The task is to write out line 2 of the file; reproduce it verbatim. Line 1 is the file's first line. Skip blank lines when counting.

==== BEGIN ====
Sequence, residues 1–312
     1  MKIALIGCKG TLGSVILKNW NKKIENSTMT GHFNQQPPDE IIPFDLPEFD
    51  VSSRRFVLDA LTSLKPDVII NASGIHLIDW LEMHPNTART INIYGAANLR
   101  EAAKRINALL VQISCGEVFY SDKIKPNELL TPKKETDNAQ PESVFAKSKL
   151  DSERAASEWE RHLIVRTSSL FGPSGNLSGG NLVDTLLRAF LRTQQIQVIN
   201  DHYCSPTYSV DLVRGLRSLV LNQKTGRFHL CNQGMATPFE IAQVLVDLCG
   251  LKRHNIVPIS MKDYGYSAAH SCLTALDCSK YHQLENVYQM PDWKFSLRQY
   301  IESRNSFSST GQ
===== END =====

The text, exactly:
     1  MKIALIGCKG TLGSVILKNW NKKIENSTMT GHFNQQPPDE IIPFDLPEFD